The meniscus is a pliable substance made up of soft tissue that sits between two bones in the knee joint, the femur (thigh bone) and tibia (shin bone). Some patients with meniscus tears can be treated with a combination of activity modification and a focused physical therapy program. Other patients with persistent symptoms or certain tear patterns require surgery.
Dr. Welch always tries to retain as much healthy meniscus as possible during surgery because patients are more likely to develop arthritis without a meniscus. Mensicus tears located on the periphery of the meniscus in the “red-red” zone are more likely to heal than other meniscus tears. Vertical-shaped tears are also more likely to heal than other tear-patterns, such as radial tears. In healthy patients, Dr. Welch will likely recommend repair of the meniscus if it is located in the “red-red” zone and if the tear is vertical. Dr. Welch does not recommend meniscal repair in all patients because some tears will not heal, even if Dr. Welch ties the meniscus tear back together with sutures. In those patients with meniscal tears that likely would not heal, Dr. Welch usually recommends that the torn area of the meniscus is removed (partial meniscectomy).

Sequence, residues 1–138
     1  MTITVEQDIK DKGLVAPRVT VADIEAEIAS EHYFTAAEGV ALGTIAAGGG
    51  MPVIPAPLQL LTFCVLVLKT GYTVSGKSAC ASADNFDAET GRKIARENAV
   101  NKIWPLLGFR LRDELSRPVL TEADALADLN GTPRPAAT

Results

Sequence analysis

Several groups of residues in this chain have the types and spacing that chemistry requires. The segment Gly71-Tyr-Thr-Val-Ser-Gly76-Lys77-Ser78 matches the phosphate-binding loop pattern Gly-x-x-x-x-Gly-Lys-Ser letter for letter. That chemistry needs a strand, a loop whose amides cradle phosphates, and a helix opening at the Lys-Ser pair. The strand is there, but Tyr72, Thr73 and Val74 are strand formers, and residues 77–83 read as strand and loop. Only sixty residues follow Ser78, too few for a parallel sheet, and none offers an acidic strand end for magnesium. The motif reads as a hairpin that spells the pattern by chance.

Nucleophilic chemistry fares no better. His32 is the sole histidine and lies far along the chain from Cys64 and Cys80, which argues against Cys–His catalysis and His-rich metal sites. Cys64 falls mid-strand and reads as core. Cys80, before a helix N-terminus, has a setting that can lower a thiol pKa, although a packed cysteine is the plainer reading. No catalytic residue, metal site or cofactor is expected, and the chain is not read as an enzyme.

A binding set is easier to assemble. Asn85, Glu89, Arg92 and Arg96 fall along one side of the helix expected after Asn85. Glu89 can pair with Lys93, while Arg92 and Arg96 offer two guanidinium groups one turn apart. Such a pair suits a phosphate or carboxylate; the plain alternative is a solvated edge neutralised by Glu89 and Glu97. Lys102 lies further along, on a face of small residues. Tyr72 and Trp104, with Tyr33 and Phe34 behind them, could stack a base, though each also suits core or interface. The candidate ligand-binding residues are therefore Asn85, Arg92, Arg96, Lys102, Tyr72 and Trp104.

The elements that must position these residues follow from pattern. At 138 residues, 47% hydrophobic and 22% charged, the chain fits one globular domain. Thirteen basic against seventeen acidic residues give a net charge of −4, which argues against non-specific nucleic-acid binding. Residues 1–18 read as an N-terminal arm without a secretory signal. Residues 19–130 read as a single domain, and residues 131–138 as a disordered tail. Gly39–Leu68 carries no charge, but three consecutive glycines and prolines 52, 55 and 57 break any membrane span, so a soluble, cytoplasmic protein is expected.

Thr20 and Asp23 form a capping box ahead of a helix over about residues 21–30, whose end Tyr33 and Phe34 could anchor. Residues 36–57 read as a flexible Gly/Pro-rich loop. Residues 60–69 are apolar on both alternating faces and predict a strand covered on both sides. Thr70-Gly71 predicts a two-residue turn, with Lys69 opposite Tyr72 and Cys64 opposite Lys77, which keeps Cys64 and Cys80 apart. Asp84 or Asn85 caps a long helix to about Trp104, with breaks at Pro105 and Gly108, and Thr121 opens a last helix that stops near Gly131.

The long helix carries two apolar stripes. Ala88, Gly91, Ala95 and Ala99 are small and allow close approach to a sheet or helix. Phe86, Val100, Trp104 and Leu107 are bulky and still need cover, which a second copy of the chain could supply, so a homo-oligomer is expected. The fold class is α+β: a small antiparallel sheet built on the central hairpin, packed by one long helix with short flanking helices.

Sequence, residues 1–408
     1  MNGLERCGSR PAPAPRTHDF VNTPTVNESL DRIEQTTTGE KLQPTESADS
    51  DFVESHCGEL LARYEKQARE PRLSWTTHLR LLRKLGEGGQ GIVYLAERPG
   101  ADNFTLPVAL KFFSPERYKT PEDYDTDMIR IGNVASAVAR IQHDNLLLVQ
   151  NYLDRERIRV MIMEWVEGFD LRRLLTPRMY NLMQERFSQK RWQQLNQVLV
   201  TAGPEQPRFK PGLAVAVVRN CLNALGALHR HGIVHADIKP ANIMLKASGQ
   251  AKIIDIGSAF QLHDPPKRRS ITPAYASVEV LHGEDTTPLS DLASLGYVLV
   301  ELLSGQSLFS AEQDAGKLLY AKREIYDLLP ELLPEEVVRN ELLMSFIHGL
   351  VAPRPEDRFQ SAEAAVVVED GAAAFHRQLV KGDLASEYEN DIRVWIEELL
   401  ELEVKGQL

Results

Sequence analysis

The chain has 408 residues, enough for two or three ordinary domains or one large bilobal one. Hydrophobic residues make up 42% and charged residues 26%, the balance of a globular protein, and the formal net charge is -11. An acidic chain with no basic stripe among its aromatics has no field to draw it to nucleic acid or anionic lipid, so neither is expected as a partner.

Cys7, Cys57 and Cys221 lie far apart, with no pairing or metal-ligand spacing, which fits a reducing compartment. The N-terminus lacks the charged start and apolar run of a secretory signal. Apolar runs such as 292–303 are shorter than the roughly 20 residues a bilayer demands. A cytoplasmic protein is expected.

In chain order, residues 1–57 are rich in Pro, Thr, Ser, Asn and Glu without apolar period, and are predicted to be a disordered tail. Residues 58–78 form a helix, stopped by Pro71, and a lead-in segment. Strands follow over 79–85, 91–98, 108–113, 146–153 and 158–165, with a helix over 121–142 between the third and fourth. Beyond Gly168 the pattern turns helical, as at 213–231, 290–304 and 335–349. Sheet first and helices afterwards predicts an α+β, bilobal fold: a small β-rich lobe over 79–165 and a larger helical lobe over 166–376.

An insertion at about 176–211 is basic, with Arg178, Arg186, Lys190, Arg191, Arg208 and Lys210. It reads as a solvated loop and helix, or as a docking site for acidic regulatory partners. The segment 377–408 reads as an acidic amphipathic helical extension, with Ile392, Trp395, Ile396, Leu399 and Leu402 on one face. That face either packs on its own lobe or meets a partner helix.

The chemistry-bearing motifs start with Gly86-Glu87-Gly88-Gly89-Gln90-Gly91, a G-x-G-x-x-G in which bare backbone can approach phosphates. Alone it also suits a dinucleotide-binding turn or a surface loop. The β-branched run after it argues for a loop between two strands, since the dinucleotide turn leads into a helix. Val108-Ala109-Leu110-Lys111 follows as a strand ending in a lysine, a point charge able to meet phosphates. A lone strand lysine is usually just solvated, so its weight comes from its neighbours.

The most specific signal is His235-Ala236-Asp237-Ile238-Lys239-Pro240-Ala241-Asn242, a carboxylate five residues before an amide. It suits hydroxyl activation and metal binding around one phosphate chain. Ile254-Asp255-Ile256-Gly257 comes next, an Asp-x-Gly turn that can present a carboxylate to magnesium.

If Dr. Welch recommends meniscal repair, he will repair the meniscus with strong sutures using a minimally invasive technique (arthroscopic technique). During surgery, Dr. Welch passes the sutures through each side of the torn meniscus with sharp needles or a “suture-passing” device. Dr. Welch then ties square knots with the appropriate tension to repair the torn area.
Following surgery, patients are placed in a hinged brace that is locked straight. Dr. Welch recommends partial weight bearing for 4-6 weeks in the brace. When the patient is sitting or lying down, Dr. Welch encourages knee range of motion exercises with the brace removed. Dr. Welch also recommends intermittent icing and straight leg raises to strengthen the quadriceps muscles. Dr. Welch recommends starting formal physical therapy one week after surgery. Physical therapy focuses on reducing swelling in the knee, restoring full range of motion, and eventually, restoring strength to the knee. Most patients can start full weight bearing on the affected leg 4-6 weeks after surgery. Most patients start cutting activities and sporting activity approximately 4-6 months after surgery.